Reaching Nagano (venue of the 1998 Winter Olympics), the bullet train ride ended. Stepping off the headed carriage, I was snapped back into winter by the frosty chill in the air. From here, I transitioned onto a bus for the final leg of the journey. As the bus wound its way through the rural townships, light snow began to fall, getting heavier and heavier as we ascended into the mountains.
After another hour and a bit on the bus, we reached the township of Hakuba, a great town now deep with snow. I explored town for a couple of hours buying and eating some random foods which looked like one thing but tasted like something else. One such food looked like a cream bun and turned out to have some sort of black bean mash within it! Ha! It's always worth trying new foods and I eventually stumbled on something I liked for lunch.
Going anywhere new for the first time is always filled with uncertainty, but that's what makes it so exciting. I don't know what's going to happen next, but to an extent it doesn't matter, as enjoying the journey and everything that happens along the way is the most important thing. It's way too easy to get so wrapped up in work and ‘regular’ life that you miss out on the opportunities to travel, to explore and to experience new things. So over the Christmas break, think about somewhere new you'd like to go or something new you’d like to try. Ask yourself where your next adventure will be and go and book it in the next hour! Whatever it is, don't delay, don't defer it, make it happen and have an awesome adventure whatever it may be!
I love Christmas decorations! The vibrant magic they bring to this time of the year is so special and something to which I always look forward. Ever since I travelled to Germany for a student exchange and experienced a wonderful snow laden town with its windows lit up with the flickering of candles and shrouded in red and green, I’ve loved it!
Having said that, I must also qualify this with the fact that I don’t like the crappy tacky decoration people buy whilst shopping for their groceries and the sort of things people like to adorn themselves with at their work Christmas party. No, this is trash and I don’t like that in the slightest.
For me, Christmas decorations have depth and meaning. How does a decoration have depth and meaning I hear you yelling at your device?! Are you insane??? Well, possibly, but the jury’s still out on that one. Anyway, decorations, as with many other things people like to collect, derive meaning through the way in which you come to have them. If you did get all your decorations in aisle 17 next to the chips, dips and some plastic plates, then perhaps not, but if you’ve collected them from around the world, then they take on a whole different meaning.
A couple of years ago when I began travelling a lot more than I had ever done before, I started collecting Christmas decorations from all the places I visited. Since I didn’t want to waste money on pointless souvenirs that are great for five minutes, but once you’ve arrived home and shown everyone, it’s then put down and forgotten, often placed in a cupboard to gather dust. I have an entire collection of teaspoons and badges which has suffered this fate and is somewhere lost in the garage. However, unlike most souvenirs which suffer this fate, Christmas decorations appear each year! It might only be for a month, but for that month, all of those wonderful memories of travel and experiences you’ve had around the world, come flooding back.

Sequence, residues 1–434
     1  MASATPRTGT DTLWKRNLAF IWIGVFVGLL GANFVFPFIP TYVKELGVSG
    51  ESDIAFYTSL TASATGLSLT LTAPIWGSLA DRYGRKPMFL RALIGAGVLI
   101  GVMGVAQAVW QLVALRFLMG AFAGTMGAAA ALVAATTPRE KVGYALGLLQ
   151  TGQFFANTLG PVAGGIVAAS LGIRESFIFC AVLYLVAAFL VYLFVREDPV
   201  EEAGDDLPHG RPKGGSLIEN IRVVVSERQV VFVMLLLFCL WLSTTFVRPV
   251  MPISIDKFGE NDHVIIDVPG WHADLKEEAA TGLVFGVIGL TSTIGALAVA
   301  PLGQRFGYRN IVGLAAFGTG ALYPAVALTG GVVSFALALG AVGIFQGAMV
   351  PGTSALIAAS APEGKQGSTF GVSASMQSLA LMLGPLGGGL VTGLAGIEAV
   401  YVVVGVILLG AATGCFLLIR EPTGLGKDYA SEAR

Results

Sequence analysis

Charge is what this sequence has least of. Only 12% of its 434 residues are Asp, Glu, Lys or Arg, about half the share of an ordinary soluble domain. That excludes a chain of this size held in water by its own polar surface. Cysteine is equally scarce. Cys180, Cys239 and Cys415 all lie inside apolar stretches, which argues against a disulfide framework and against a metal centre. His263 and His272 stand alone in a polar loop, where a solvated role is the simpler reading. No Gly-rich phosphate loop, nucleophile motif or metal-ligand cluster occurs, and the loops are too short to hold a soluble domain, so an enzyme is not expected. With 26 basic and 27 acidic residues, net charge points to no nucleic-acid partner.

For example, when I was in Japan a few years ago, it was really hard to find Christmas decorations. It’s not something the Japanese celebrate, but being a westerner, I was not deterred by their cultural indifference to this important festival that I thought they should have filling their stores and so was determined to find a Christmas decoration somewhere. I received many strange looks when trying to ask Japanese people without much English where I could buy Christmas decorations. What I thought would be an easy task, turned out not to be. I was told that the only place to find them would be in some western stores in the major cities. However, I wasn’t in a major city. They had snow, they should have Christmas decorations. It was like a pre-High King & Queen Narnia.
However, one day I decided to give skiing a break and went for a day trip to the seaside town of O, which is renowned for its seafood and glass blowing. Walking up and down the streets for hours, I finally came across this out of the way place where I had a delicious lunch of tempura prawns. Next to this restaurant, were a series of different glass blowing shops. After buying what I thought was a custard bun, which turned out to be an awful tasting black bean bun, I wandered through the glass shops, which had some astounding pieces of artwork as well as other beautiful and ornate glassware. Casually wandering through, looking at all the cool things I couldn’t afford, I came across a tiny shelf in one of the shops. It had about dozen tiny little glass objects in the shape of reindeer and a tiny Santa! I had finally discovered Christmas decorations in Japan!!!